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Articles / Applying to College / Scholarship Aid for Adopted "Drug Baby"

Scholarship Aid for Adopted "Drug Baby"

Sally Rubenstone
Written by Sally Rubenstone | June 20, 2007

Question: Our son was adopted as a baby. He was the product of two cocaine addicts, yet he, by the grace of God, is fine ... and very intelligent. Are there any scholarships out there in this category (for an adopted drug baby)?

We are not aware of any scholarships for adopted children of addicts, though this certainly seems like a good idea. Of course, there may be some we're missing, but the only scholarships we know of for adopted children are for those who were adopted from foster care. Perhaps, given your son's situation in infancy, he was.


Some states offer tuition waivers at public institutions for adoptive children once in foster care. You'll find more information at these sites:

http://www.nacac.org/subsidyfactsheets/tuition.html and

http://library.adoption.com/Subsidies/College-Tuition-Waiver-and-Scholarship-Programs/article/5844/1.html

In addition, if you complete the registration form at www.fastweb.com, you may also turn up some opportunities for your son. (FastWeb is fun, free, and legitimate. Once your son completes an online questionnaire, he receive a list of scholarships for which he may qualify, and he can weed through them to see which ones are worth going after. FastWeb even follows up by e-mail with deadline reminders and updates on new scholarship opportunities.)

Keep in mind, too, that many colleges offer excellent need-based aid. Often the more a college costs, the more money is earmarked to give away. So don't pass up expensive colleges that you feel may be out of range. At least not at this point. Sure, you may eventually have to make a final decision based on finances, but elite colleges and other pricey private schools can sometimes turn out to be a great deal for disadvantaged and middle-class families because their need-based aid can be so generous.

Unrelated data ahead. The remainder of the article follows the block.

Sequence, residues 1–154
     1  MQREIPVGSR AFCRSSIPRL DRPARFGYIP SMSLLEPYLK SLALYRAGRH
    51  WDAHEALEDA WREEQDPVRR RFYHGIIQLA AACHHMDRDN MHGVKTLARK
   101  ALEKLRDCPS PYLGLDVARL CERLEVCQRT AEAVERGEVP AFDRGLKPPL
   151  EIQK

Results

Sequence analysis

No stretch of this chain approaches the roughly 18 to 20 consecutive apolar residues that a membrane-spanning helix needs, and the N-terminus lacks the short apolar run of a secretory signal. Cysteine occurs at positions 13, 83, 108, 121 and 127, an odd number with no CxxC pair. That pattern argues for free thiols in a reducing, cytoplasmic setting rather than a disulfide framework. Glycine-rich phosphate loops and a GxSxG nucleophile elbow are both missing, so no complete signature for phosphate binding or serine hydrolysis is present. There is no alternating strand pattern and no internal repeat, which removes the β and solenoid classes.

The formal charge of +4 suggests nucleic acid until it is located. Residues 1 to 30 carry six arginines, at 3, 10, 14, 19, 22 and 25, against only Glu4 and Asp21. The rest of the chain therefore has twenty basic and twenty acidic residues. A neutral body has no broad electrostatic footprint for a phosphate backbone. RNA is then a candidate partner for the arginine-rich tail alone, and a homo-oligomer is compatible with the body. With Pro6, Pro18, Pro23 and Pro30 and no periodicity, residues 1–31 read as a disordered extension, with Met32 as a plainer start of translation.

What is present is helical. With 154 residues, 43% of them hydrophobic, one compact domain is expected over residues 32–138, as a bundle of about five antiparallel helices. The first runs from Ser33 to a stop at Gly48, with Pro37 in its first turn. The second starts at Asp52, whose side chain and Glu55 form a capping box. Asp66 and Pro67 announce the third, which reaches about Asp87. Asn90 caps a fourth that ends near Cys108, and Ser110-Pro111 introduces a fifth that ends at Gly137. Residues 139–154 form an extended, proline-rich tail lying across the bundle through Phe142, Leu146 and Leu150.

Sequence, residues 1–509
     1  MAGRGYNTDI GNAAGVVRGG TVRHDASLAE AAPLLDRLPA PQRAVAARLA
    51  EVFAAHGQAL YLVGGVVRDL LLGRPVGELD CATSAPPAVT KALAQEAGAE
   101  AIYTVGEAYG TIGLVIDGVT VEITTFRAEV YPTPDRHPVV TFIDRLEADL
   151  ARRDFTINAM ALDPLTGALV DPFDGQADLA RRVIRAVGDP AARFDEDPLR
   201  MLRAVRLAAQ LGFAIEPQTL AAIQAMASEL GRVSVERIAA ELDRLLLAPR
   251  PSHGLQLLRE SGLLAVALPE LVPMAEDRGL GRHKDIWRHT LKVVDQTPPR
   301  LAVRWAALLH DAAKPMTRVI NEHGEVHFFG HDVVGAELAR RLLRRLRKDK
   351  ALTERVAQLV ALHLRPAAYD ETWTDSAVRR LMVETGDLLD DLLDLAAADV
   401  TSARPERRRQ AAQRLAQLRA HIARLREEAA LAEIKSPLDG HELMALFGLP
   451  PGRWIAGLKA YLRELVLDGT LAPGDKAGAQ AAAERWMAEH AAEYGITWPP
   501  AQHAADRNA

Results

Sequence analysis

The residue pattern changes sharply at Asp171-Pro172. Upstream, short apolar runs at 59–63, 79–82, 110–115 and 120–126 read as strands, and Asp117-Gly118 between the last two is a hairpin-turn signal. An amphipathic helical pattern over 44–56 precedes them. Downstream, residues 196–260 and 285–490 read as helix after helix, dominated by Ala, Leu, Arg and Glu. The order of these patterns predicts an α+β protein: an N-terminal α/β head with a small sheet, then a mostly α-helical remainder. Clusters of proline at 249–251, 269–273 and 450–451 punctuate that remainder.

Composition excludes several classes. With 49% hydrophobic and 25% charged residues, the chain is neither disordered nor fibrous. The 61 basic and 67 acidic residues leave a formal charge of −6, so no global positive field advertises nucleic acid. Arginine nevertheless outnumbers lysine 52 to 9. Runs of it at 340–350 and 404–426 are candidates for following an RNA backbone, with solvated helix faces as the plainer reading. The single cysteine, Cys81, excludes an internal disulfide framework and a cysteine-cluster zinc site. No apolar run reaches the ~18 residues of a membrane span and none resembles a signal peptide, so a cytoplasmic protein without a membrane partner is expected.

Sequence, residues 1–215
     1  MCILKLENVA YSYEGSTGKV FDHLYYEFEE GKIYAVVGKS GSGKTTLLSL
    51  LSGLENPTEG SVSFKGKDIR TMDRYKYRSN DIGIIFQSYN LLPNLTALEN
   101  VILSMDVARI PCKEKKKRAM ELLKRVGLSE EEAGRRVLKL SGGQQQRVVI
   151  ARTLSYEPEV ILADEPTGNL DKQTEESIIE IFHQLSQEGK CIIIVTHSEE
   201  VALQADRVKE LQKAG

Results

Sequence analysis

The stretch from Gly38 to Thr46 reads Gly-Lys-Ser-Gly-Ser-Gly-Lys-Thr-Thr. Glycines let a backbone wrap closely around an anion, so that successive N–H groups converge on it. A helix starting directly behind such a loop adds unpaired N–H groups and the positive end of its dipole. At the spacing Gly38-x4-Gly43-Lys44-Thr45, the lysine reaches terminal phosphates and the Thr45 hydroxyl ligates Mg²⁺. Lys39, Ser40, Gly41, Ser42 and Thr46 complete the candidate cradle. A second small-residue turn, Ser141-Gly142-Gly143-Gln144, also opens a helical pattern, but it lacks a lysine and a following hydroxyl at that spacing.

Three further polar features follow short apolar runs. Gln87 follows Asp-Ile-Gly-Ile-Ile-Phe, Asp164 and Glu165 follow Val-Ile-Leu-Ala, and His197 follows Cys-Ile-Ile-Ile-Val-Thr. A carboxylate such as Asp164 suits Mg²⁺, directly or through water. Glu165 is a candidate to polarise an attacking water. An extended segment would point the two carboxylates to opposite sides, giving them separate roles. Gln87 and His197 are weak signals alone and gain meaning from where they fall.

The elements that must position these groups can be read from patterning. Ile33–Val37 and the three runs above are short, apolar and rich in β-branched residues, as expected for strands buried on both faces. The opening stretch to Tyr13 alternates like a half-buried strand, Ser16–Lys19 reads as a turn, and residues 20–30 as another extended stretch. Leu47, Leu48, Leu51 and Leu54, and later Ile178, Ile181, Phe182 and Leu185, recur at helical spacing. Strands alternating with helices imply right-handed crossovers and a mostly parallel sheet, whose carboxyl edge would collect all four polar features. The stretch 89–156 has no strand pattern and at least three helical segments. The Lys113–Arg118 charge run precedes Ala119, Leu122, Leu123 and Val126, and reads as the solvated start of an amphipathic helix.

Written by

Sally Rubenstone

Sally Rubenstone

Sally Rubenstone knows the competitive and often convoluted college admission process inside out: From the first time the topic of college comes up at the dinner table until the last duffel bag is unloaded on a dorm room floor. She is the co-author of Panicked Parents' Guide to College Admissions; The Transfer Student's Guide to Changing Colleges and The International Student's Guide to Going to College in America. Sally has appeared on NBC's Today program and has been quoted in countless publications, including The New York Times, The Washington Post, USA Weekend, USA Today, U.S. News & World Report, Newsweek, People and Seventeen. Sally has viewed the admissions world from many angles: As a Smith College admission counselor for 15 years, an independent college counselor serving students from a wide range of backgrounds and the author of College Confidential's "Ask the Dean" column. She also taught language arts, social studies, study skills and test preparation in 10 schools, including American international schools in London, Paris, Geneva, Athens and Tel Aviv. As senior advisor to College Confidential since 2002, Sally has helped hundreds of students and parents navigate the college admissions maze. In 2008, she co-founded College Karma, a private college consulting firm, with her College Confidential colleague Dave Berry, and she continues to serve as a College Confidential advisor. Sally and her husband, Chris Petrides, became first-time parents in 1997 at the ripe-old age of 45. So Sally was nearly an official senior citizen when her son Jack began the college selection process, and when she was finally able to practice what she had preached for more than three decades.

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